Maduro Win Soured by Weakness in Venezuela’s Socialist Heartland
(Bloomberg) -- Four days after President Nicolas Maduro’s ruling socialist party won a landslide in Venezuelan regional elections, authorities are still counting ballots in one highly symbolic corner of the country.
Results in the western, cattle-raising state of Barinas, birthplace of the late President Hugo Chavez and ruled by his family for more than two decades, still haven’t been published after Sunday’s elections. The opposition and ruling party candidates have both claimed victory, while the electoral authority has so far kept silent.
A victory would provide some consolation for the routed opposition after a vote in which Maduro’s coalition won at least 19 out of 23 states and a majority of municipalities. The delays may raise doubts about the willingness of the authorities to recognize adverse results in future elections.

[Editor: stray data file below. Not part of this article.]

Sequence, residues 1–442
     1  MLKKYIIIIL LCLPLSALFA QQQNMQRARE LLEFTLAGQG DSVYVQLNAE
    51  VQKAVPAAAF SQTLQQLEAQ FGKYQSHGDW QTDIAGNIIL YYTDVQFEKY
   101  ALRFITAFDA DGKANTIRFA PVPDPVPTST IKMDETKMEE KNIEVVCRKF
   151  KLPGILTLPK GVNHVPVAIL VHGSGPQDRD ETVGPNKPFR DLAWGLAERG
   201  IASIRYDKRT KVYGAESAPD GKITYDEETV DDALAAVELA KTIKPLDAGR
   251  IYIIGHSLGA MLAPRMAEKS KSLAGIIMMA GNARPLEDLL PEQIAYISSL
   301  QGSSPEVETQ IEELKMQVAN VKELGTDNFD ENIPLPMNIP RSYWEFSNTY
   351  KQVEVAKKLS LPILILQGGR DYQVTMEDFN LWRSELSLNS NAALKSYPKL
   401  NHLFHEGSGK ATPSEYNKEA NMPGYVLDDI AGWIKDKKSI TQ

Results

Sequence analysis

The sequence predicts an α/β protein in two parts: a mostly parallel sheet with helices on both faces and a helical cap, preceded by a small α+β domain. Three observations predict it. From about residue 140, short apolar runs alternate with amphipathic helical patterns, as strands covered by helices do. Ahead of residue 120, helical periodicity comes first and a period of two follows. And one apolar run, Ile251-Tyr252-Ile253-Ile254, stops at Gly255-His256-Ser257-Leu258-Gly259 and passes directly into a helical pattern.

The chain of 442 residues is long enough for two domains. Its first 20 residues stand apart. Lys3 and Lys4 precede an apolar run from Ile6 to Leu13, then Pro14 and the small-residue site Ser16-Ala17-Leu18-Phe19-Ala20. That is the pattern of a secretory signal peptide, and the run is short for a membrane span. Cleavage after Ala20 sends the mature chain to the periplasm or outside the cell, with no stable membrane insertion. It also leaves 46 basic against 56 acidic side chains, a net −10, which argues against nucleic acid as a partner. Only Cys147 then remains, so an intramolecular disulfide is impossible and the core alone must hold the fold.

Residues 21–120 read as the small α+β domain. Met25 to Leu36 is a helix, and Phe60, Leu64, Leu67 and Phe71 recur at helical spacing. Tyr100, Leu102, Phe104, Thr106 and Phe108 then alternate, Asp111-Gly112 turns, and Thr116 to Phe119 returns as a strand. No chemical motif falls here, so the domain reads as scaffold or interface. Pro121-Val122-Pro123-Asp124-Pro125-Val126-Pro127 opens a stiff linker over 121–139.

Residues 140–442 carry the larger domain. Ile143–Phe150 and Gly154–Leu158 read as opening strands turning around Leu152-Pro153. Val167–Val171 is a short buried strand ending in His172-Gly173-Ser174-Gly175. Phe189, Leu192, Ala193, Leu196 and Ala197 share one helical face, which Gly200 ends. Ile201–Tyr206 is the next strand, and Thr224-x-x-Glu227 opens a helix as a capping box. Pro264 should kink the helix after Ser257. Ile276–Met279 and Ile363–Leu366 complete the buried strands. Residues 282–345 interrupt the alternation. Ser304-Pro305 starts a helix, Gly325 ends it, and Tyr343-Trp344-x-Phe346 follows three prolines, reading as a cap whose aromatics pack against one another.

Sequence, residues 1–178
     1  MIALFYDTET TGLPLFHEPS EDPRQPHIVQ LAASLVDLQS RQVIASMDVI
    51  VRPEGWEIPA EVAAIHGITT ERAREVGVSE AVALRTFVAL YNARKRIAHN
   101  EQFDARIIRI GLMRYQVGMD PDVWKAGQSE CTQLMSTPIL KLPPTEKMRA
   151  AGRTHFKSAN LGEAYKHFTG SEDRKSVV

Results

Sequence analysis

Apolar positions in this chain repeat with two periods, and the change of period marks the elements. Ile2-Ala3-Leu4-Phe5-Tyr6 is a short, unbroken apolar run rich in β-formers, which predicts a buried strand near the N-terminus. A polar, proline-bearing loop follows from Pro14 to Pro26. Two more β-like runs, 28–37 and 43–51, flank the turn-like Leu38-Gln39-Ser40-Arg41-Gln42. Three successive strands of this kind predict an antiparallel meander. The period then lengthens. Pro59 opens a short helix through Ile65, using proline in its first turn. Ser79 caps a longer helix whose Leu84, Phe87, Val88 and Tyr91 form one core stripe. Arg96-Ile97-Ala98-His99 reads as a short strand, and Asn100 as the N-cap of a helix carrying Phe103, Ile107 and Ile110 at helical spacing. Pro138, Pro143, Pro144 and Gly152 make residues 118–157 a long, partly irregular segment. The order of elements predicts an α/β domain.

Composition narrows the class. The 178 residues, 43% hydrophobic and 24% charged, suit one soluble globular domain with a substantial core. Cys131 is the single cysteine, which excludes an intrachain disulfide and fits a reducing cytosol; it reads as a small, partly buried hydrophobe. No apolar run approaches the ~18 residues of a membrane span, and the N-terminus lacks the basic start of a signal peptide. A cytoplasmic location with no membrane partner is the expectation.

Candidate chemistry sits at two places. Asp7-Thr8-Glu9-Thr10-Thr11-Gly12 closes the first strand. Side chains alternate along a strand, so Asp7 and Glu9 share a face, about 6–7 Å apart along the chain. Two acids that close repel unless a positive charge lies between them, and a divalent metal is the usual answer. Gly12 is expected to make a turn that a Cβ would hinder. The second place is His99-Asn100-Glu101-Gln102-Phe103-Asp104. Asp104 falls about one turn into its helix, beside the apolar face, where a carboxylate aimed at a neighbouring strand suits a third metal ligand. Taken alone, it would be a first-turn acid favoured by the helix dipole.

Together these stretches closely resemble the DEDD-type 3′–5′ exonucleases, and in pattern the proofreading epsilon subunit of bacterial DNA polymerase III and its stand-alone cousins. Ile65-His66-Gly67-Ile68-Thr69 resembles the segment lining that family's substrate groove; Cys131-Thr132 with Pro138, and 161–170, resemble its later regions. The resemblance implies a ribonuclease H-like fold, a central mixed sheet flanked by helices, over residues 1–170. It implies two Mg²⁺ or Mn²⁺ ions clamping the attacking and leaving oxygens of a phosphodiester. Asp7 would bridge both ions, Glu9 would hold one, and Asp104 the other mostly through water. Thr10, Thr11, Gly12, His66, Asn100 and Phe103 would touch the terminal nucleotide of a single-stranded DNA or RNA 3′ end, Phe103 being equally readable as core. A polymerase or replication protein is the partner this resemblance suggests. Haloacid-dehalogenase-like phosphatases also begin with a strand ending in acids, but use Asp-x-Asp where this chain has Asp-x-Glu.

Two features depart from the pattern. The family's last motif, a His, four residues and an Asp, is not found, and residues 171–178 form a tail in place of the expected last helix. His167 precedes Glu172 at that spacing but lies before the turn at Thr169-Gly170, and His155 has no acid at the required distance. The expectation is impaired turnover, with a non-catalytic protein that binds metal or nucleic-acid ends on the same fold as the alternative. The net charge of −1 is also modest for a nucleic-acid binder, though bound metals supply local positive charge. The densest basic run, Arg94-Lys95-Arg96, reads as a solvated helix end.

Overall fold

Hugo Chavez’s father and two brothers have governed Barinas since Chavez won the presidency in 1999. Now, a candidate from opposition party Voluntad Popular says he’s heading the tally by more than a thousand votes.
The opposition candidate in Barinas, Freddy Superlano, vowed to organize street protests if incumbent governor and Hugo Chavez’s brother, Argenis Chavez, is awarded the election. Chavez, for his part, said that victory belonged to him, and that he would defend his win.
The opposition coalition has already won the majority in the state council by just over 300 votes, according to official data. State council results generally maintain an almost exact correlation with the results in elections for governor, according to Venezuelan political consultant Carmen Beatriz Fernandez.
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